Continuous intake of glucosamine needed to maintain joint health of endurance athletes: Study
A Japanese study has found that endurance athletes lose cartilage faster than non-athletes, and the intake of glucosamine for about three months is able to reduce this loss.
The study, published in the International Journal of Biological Macromolecules, was conducted by researchers from Juntendo University's Graduate School of Medicine and Graduate School of Health and Sports Science.
The researchers chose to study the effect of glucosamine on soccer and rugby players because they experience intense joint loading from playing these sports.
During the study, the urine level of type II collagen degradation marker (CTX-II) and the collagen synthesis marker (CPII) of these athletes were measured against that of the non-athletes.
For both soccer and rugby players, it was found that the urine level of CTX-II – which signifies collagen degradation – was “significantly increased” when compared with the non-athletes.
For the soccer players, their levels of CTX-II level were nearly thrice as much as the control group, while that of the rugby players was twice as much as the control group.
The ratio of collagen degradation to collagen synthesis was also higher in these athletes.
For example, the ratio of type II collagen degradation to synthesis (CTX-II/CPII) was about 0.15 in the rugby players and slightly more than 0.10 in the non-athletes.
“Endurance exercise such as soccer and rugby apparently loads on the components of joint (cartilage and bone), and enhances the cartilage and bone metabolism (type II and type I collagen degradation), and importantly, type II collagen degradation is relatively increased compared with type II collagen synthesis in these athletes as compared with non-athlete control,” the researchers said.
Effects of glucosamine
The consumption of glucosamine is able to cut down collagen degradation, however, it may not increase collagen synthesis, according to the findings.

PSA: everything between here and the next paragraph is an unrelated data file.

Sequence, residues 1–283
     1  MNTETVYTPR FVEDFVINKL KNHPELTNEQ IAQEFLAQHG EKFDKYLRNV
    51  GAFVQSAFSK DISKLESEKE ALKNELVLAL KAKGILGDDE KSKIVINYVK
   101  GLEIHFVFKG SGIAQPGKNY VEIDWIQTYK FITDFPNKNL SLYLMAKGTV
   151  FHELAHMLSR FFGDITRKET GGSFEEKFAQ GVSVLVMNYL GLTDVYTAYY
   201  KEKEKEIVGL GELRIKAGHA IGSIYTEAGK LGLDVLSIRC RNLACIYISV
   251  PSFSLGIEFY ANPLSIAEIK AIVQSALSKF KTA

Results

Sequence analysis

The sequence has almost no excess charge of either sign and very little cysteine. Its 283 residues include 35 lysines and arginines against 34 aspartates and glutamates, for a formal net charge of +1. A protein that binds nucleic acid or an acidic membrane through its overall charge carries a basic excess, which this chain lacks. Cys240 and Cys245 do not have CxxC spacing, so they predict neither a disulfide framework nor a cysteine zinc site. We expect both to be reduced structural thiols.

To find out the effects of glucosamine, the athletes took different forms of glucosamine for different duration.
For the rugby players, they were administered with a jelly-type diet containing 3 g glucosamine/day for 16 weeks, while the soccer players were orally administered with glucosamine hydrochloride for 1.5g/day or 3g/day for 3 months.
For both groups, the daily consumption of 3g of glucosamine had reduced the ratio of collagen degradation to collagen synthesis. In the soccer players, the ratio had dropped from 0.15 to 0.10, while that of the rugby players dropped from about 0.18 to 0.10.
It was also shown that a higher glucosamine intake – at 3g/day as compared to 1.5g/day was more effective.
This is because the CTX-II level “returned to almost the pre-administration level after withdrawal of glucosamine administration in the 1.5 g/day-group, although the CTX-II level was still reduced in 3 g/ day-group.”
While the study has shown that the consumption of glucosamine only slightly increased collagen synthesis, it was able maintain the level of collagen synthesis.
“These observations suggest that…Glucosamine demonstrates a chondro-protective action on these athletes by preventing type II collagen degradation but maintaining type II collagen synthesis,” the researchers concluded.
Source: International Journal of Biological Macromolecules
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